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dc.contributor.authorCook, Trevor-
dc.identifier.issn0975-1076 (Online); 0971-7544 (Print)-
dc.description.abstractMost countries, including all those in the EU, provide for exceptions and limitations to copyright by exhaustively listing and defining in their copyright laws all such permitted exceptions and limitations. The United States has been an exception in this respect, having instead a so called ‘fair use’ approach which provides four parameters for its courts to apply. Some EU Member States, unhappy at the inflexibility of their respective approaches to this issue are now starting to explore to what extent they can move towards a ‘fair use’ approach. This article considers why this issue has become a particular problem in the EU, what sort of scope EU Member States have to amend their national laws in such circumstances, and where further flexibilities might develop in the case law as a result of the courts applying principles from outside copyright law, notably on the basis of fundamental human rights.en_US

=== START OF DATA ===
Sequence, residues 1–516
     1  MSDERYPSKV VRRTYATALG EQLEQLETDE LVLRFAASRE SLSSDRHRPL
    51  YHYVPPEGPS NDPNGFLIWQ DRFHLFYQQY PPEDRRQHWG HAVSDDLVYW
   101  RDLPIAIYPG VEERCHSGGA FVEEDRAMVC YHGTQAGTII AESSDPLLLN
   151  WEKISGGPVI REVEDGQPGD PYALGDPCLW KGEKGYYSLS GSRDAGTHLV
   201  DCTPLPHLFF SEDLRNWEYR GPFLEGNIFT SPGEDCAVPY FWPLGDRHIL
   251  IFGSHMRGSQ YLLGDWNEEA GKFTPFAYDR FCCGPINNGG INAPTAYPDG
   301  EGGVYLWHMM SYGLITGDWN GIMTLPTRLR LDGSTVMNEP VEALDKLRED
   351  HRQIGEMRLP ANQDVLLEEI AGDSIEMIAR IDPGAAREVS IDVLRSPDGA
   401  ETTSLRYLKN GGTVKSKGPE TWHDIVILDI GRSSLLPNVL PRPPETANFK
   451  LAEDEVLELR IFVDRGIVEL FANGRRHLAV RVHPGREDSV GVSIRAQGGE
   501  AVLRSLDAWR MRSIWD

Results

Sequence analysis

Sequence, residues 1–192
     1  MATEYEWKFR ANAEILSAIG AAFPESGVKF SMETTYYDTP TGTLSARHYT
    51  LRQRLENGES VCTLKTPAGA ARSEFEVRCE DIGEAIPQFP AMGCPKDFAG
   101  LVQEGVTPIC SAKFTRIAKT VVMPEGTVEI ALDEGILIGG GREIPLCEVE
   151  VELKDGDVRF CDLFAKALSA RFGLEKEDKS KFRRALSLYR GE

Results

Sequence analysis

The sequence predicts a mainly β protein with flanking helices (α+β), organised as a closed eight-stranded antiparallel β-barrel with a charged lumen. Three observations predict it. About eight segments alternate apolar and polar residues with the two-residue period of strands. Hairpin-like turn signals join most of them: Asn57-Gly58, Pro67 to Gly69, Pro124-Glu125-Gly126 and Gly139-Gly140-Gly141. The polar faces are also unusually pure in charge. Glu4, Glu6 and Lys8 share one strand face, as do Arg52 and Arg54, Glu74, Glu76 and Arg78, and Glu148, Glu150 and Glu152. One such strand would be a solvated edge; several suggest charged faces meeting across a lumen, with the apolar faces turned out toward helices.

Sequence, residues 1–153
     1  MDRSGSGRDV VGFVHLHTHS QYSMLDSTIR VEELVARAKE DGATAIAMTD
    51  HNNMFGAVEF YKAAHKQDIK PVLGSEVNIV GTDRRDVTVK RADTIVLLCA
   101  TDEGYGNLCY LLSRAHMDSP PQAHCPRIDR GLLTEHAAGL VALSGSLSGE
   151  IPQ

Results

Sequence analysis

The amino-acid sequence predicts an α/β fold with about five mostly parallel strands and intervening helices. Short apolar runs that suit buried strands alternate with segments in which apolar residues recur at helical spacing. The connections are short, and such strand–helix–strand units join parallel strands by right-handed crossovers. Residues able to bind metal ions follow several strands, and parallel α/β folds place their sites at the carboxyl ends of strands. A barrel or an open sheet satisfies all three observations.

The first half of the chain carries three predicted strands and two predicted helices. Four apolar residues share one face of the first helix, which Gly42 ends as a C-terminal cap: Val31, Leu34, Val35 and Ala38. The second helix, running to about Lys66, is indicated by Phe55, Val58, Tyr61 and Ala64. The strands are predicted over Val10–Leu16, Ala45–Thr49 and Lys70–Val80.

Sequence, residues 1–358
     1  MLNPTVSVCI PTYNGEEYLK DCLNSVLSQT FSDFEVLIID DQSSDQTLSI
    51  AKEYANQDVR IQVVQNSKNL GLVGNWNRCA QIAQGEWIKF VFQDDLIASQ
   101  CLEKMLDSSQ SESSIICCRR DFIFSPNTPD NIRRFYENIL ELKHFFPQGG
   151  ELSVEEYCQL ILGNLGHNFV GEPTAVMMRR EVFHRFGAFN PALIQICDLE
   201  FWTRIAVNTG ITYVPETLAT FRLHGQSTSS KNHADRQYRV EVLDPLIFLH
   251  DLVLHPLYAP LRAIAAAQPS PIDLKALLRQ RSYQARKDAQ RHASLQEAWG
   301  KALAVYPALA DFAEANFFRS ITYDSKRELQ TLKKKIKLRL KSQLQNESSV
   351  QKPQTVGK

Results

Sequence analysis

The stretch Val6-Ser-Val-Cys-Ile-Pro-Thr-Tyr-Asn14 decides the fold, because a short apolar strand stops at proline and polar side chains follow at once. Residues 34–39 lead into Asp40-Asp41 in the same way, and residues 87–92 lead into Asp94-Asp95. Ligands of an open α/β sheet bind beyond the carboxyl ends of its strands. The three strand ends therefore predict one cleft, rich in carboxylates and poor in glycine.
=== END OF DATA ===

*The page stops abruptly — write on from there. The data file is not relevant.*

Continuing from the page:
dc.publisherNISCAIR-CSIR, Indiaen_US
dc.rights CC Attribution-Noncommercial-No Derivative Works 2.5 Indiaen_US
dc.sourceJIPR Vol.17(3) [May 2012]en_US
dc.subjectFair useen_US
dc.subjectThree step testen_US
dc.subjectHuman rightsen_US
dc.titleExceptions and Limitations in European Union Copyright Lawen_US
Appears in Collections:JIPR Vol.17(3) [May 2012]

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